The reason why Labour will still get votes after the most disgracegful financial mismanagement of the century, is simply because the majority of the people have absolutely no idea of the true facts, and the magnitude of the countries present situation.

    When the TV companies started recruiting people for the “F” factor some years ago, it unfortunately did not mean financial experience.

    I have said it before, but we need a State of the Nation speech from our Prime Minister every six months, broadcast at the same time on all TV channels and radio.
    Yes aware that this sounds a bit like the communist party properganda, and aware that people can still switch off, but at least he would be speaking directly to the voters uninterupted, should they wish to listen.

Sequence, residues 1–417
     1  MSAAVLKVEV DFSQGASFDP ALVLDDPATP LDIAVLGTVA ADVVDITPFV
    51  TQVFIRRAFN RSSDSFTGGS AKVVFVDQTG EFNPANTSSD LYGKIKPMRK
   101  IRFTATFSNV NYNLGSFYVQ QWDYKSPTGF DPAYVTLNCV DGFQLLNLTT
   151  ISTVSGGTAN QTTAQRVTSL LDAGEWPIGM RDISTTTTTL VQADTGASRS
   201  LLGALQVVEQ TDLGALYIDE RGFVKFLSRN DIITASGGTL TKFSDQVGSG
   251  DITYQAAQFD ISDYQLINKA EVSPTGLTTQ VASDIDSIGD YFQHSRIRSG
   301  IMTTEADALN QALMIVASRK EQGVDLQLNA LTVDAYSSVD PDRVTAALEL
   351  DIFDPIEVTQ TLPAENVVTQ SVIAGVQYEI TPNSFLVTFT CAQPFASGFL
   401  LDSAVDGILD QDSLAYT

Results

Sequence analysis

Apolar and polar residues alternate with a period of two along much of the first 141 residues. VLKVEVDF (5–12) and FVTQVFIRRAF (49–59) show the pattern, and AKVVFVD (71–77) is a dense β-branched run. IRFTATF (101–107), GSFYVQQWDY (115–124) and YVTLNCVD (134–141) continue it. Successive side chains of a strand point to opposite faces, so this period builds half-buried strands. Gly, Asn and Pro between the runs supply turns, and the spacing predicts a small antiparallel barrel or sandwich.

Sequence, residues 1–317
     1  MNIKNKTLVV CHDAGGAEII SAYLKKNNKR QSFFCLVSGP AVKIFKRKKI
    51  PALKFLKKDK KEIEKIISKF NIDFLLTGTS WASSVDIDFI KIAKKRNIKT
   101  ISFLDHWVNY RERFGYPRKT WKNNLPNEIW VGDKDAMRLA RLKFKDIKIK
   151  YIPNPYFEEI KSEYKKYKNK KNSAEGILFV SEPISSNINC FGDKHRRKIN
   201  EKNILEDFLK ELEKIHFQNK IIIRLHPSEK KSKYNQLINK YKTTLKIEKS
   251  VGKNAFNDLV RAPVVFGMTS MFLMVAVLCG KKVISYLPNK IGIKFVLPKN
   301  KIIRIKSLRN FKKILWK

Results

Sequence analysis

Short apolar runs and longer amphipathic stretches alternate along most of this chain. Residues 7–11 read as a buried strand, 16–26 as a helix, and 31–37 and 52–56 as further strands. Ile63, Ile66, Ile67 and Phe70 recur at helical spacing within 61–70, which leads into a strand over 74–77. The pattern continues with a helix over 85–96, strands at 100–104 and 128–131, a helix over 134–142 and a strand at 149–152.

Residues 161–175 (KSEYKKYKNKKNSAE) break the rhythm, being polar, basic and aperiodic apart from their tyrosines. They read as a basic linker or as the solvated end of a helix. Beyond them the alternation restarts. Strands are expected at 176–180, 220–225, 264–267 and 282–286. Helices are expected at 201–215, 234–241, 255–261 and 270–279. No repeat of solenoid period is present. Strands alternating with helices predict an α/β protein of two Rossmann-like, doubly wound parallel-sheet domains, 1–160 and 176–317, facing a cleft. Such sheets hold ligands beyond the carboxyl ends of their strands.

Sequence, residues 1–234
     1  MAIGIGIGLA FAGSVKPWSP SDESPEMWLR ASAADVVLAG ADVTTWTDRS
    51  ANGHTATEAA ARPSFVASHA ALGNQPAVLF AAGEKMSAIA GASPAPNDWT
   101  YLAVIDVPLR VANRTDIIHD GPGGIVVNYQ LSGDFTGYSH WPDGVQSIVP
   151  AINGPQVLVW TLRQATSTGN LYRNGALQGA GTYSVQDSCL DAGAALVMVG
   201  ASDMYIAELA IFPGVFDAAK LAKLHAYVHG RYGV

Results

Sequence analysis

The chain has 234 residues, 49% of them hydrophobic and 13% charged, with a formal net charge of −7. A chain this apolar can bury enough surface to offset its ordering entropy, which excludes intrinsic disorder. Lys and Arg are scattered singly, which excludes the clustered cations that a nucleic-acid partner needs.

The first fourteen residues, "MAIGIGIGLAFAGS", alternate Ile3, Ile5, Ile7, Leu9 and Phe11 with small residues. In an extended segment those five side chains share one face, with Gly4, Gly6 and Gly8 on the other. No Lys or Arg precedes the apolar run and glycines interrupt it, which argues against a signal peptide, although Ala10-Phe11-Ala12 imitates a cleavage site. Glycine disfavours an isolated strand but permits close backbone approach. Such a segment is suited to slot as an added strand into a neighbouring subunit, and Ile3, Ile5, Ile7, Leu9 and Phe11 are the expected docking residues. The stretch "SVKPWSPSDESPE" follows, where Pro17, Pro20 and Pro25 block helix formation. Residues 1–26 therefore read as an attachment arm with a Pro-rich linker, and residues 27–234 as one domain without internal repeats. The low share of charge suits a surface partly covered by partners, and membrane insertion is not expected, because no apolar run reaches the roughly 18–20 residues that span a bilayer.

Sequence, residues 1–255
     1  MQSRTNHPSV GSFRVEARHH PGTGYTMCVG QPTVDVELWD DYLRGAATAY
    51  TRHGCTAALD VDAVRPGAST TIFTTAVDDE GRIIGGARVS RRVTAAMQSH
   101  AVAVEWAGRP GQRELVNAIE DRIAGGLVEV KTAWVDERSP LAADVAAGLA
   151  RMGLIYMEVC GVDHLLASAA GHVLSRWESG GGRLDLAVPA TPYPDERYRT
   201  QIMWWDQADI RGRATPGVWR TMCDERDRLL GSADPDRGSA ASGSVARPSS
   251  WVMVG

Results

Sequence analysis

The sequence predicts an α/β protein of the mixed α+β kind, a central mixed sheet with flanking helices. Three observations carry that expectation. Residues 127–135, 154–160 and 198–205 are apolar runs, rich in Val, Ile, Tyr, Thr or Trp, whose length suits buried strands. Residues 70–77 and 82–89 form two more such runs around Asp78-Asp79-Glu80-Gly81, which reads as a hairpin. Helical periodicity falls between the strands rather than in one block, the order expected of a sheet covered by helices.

• Bob
      Posted September 21, 2011 at 10:19 pm | Permalink

      The military humiliate and degrade a new recruit in order to rebuild him back up into a component of their fighting force?
      Well imagine an organisation wanting to rebuild an entire nation? For example the UK? Where would they start? Education? TV? the Judiciary? Police? the family unit? public morality? Have you watched the BBC lately (esp. BBC3)? are you aware of some of the bizarre judgements handed down by our courts? and the European Court of Human Rights? ever expanding “social services”? Have you noticed how schools now teach children what to think, rather than how to think? Do you see how the state has taken the place of the parent? Notice how victims of crime are as likely (or more likely) to be arrested as the criminal? Telephones in prison cells? Jail sentence flimflammery (1 year = 6 months)? Early release of violent criminals, bizarre government spending priorities? the continuing onslaught of political correctness and “new speak”?